Most Chicago schools have enough applicants for an active local school board
After extending its application deadline last month, Chicago Public Schools has enough applicants for local school boards in nearly 95% of district-operated schools.
Districtwide, 485 of 509 schools have enough nominees to meet quorum requirements for public school governing bodies known as local school boards, or LSCs. About 24 schools did not garner enough candidates to achieve quorum, according to the district.
The district received 6,123 applications for 6,239 total positions at 509 schools. LSC elections will take place on April 20 for elementary schools and April 21 for secondary schools. A list of candidates vying for a seat can be viewed here.
Organizer Natasha Erskine, who runs independent district training workshops through the parent advocacy group Raise Your Hand, said local school boards provide a unique opportunity for the parent-majority governing body to take decisions about their child’s education.
This is an opportunity to “close the equity gaps” in Chicago public schools that have been “exasperated by the pandemic,” Erskine said. “If we are not part of the solution, what are our alternatives to ensure that the educational and safety needs of our children are met in these buildings? »
Local school boards, an example of hyperlocal school governance, are elected every two years. A facet of Chicago school governance since the mid-1990s, boards vote on the school’s annual budget, approve the school’s school plan, and select and evaluate principals.
Councils are traditionally made up of the school principal, six parents, two community members, two teachers, non-teaching staff and one to three students. For the first time in district history, elementary students in grades six and up can run for and serve one-year terms in their school’s LSC.
“Chicago Public Schools is fully committed to ensuring equal representation in the election of local school board members,” the district said in a statement. “CPS appreciates these dedicated volunteer school leaders, made up of parents, community members, students and staff, who work to support the academic progress, financial stability and integrity of our schools.
In 2020, as a wave of student activism helped put school policing strategies in the national spotlight, Mayor Lori Lightfoot instructed Chicago high school boards to vote on whether to retain or remove police officers, a controversial transfer of authority that has put some members – who do not receive a salary – in a position of public scrutiny.
The district has struggled with lukewarm attendance over the past decade. In the last election cycle in 2020, as the city grappled with the pandemic, more than 35,000 votes were cast for council candidates, a 43% drop from the 2018 election. , about 900 seats remained vacant, a situation that caused a wave of nominations.
Days before the district’s deadline in March, only 722 applications had been submitted for a total of 6,239 positions on the boards of 509 schools. About 307 schools had no candidates for the vacancies.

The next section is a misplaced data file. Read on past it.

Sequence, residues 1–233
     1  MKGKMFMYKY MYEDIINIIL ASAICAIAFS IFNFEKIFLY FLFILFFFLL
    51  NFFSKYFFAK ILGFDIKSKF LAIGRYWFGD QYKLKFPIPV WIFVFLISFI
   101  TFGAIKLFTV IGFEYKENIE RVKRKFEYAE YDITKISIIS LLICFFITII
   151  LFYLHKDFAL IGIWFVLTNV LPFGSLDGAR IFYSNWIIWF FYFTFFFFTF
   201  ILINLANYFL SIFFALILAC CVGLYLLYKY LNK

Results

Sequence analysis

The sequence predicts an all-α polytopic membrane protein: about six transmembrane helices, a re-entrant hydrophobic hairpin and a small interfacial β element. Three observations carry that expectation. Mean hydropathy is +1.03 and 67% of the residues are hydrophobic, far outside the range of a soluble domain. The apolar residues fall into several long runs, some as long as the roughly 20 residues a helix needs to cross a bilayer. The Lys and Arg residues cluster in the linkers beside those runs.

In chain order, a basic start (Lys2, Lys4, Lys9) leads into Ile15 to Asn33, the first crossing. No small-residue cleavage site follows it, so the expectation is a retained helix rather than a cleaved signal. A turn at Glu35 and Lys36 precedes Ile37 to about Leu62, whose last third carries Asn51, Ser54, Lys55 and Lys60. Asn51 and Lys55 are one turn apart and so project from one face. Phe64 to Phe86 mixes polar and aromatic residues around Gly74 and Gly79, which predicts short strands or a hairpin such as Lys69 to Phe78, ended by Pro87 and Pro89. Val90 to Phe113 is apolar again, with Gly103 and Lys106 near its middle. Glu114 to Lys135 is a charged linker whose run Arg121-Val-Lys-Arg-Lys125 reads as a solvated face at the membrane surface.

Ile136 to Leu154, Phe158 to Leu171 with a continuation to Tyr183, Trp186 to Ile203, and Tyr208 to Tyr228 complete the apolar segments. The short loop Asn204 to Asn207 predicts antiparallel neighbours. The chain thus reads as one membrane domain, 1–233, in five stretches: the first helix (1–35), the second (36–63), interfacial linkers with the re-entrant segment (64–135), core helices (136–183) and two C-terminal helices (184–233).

Across the district, approximately 2,441 parents applied for the 3,014 parent seats. About 992 students applied for one of 639 student representative seats, and 980 community members submitted nominations for the 1,019 available community representative seats, according to the district.
Schools, mostly on the South and West Sides, that received nominations but did not meet a quorum include Whittier Elementary School, Williams High School, Chicago Vocational High School and Hearst Elementary School, according to a Chalkbeat analysis of the election website. LSC.
For these schools, the District’s Local School Board Relations Department will work with campuses to fill vacancies after July 1.
Chicago Academy High School, Rickover Naval Academy, Velma Thomas Early Childhood Center, and Emmett Till Math and Science Academy received no applications and will be considered inactive for the two-year term. These schools will have the opportunity to elect members in the 2024 elections.
The district said it participated in more than 100 events and announced elections on radio, television interviews and social media to promote participation before the deadline.
Erskine acknowledged that turnout had dwindled. The “devastating impact of the pandemic” on families and the lack of transparency about meeting times and locations make it difficult for parents and community members to get involved, she said.
“How do you run a virtual meeting while still relying on a pre-pandemic way of announcing a public meeting? Erskine wondered.
Still, she remains hopeful that parents and community members will pick up the slack to better serve students in their communities.
“We shouldn’t be discouraged,” Erskine said. “We need parents and community members. We are facing deep budget cuts in many of our schools and now is the time for people to step up to fill those seats so we can get the kind of education our students need.
Mauricio Peña is a reporter for Chalkbeat Chicago, covering K-12 schools. Contact Mauricio at [email protected]